Rowling, J. K. "From Mr Darcy to Harry Potter by way of Lolita." Sunday Herald, May 21, 2000
Editor's note: this appears to be the transcript of Jo's statements for a BBC Radio 4 show about famous people and their favorite books. There is a second-hand report of the show here.
I was a squat, bespectacled child who lived mainly in books and daydreams. I used to come out of the clouds periodically to invent games, bully my sister when she didn't play them to my liking, and draw pictures - but mostly I read and, from quite an early age, wrote my own stories. There were always plenty of books in our house, because my mother was a passionate bibliophile.
I had huge difficulty selecting my favourite books; the list changes daily. It's been a revealing exercise. Looking down my list, it struck me that all of my chosen stories are about love in some of its myriad forms: romantic, fraternal, perverse, unrequited, frustrated, self-sacrificing and destructive. The other thing that struck me was that three of my chosen passages feature large families or individual members of large families.
I have always been drawn to the idea of large families, even as a child; perhaps I wanted more siblings to boss around, or wanted to escape into a corner to daydream without being missed as easily. I've devoured biographies of the Kennedy and Mitford families for years, and one of my best friends is the oldest of 12, so I'm well aware that life in a large clan is not without its drawbacks. Nevertheless, the Harry Potter books were my chance to create my own, ideal big family, and my hero is never happier than when holidaying with the seven Weasleys.
The first of my chosen books is the famous story of the six Bastable children, who set out to restore the "fallen fortunes" of their house: The Story Of The Treasure Seekers by E Nesbit. I think I identify with E Nesbit more than any other writer. She said that, by some lucky chance, she remembered exactly how she felt and thought as a child, and I think you could make a good case, with this book as Exhibit A, for prohibition of all children's literature by anyone who can not remember exactly how it felt to be a child. Nesbit churned out slight, conventional children's stories for 20 years to support her family before producing The Treasure Seekers at the age of 40.
It is the voice of Oswald, the narrator, that makes the novel such a tour de force. I love his valiant attempts at humility while bursting with pride at his own ingenuity and integrity, his mixture of pomposity and naivete, his earnestness and his advice on writing a book. According to Oswald, a good way to finish a chapter is to say: "But that is another story." He says he stole the trick from a writer called Kipling.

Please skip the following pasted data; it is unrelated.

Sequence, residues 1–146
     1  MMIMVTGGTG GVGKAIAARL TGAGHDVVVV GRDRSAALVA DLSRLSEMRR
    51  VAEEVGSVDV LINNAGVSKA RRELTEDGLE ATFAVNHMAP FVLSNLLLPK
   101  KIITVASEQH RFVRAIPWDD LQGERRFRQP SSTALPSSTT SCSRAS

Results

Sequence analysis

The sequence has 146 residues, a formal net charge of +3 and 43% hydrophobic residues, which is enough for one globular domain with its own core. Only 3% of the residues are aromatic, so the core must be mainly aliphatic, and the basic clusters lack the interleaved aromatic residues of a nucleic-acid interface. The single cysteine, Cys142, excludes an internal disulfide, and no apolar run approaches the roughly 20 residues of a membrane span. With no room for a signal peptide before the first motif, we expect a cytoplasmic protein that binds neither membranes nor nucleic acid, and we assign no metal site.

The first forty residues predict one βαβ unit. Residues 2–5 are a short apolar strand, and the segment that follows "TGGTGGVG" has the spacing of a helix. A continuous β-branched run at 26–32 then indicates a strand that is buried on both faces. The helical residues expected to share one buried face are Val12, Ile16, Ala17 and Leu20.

Escape from poverty forms the backdrop of my second chosen book, too, though this is not a childhood favourite, but a novel I read for the first time last year: I Capture The Castle by Dodi Smith. I was on tour in America last autumn, and after one mammoth signing a friendly bookseller handed me a copy and told me she knew I would love it. She was quite right. It immediately became one of my favourite novels of all time, and I was very annoyed that nobody had ever told me about it before.
Once again, it is the voice of the narrator, in this case 17-year- old Cassandra Mortmain, which makes a masterpiece out of an old plot. Cassandra, her older sister Rose and her younger brother Thomas are living in poverty even more abject than the Bastables, in a broken- down castle. Their father, the author of an experimental and mildly successful novel, has since written nothing at all, and sits alone in a tower most of the time reading detective novels from the village library.
The shadowy presence of the depressed and apathetic Mortmain hangs over the castle, but it is the women who dominate the book. Clever, perceptive Cassandra, who tells the story through her journal; sulky, dissatisfied Rose, a beauty without Cassandra's brains, whose only escape, as she sees it, is marriage to a rich man; and the immortal Topaz, their young and beautiful stepmother, a hippy well before her time, who enjoys naked hilltop dancing, baking and playing the lute.
THE question you are most frequently asked as an author is: "Where do you get your ideas from?" I find it very frustrating because, speaking personally, I haven't got the faintest idea where my ideas come from, or how my imagination works. I'm just grateful that it does, because it gives me more entertainment than it gives anyone else.
My favourite writer of all time is Jane Austen. I'm excruciating company when watching a Jane Austen television or film adaptation because I writhe with irritation whenever I see a large, florid actor playing Mr Woodhouse - or Mr Darcy taking a gratuitous dip because apparently he isn't sexy enough without a wet shirt. My attitude to Jane Austen is accurately summed up by that wonderful line from Cold Comfort Farm: "One of the disadvantages of almost universal education was that all kinds of people gained a familiarity with one's favourite books. It gave one a curious feeling; like seeing a drunken stranger wrapped in one's dressing gown."
I re-read Austen's novels in rotation - I've just started Mansfield Park again. I could have chosen any number of passages from each of her novels, but I finally settled on Emma, which is the most skilfully managed mystery I've ever read and has the merit of having a heroine who annoys me because she is in some ways so like me. I must have read it at least 20 times, always wondering how I could have missed the glaringly obvious fact that Frank Churchill and Jane Fairfax were engaged all along. But I did miss it, and I've yet to meet a person who didn't, and I have never set up a surprise ending in a Harry Potter book without knowing I can never, and will never, do it anywhere near as well as Austen did in Emma.
Original page date 2 March 2007; last updated 2 March 2007.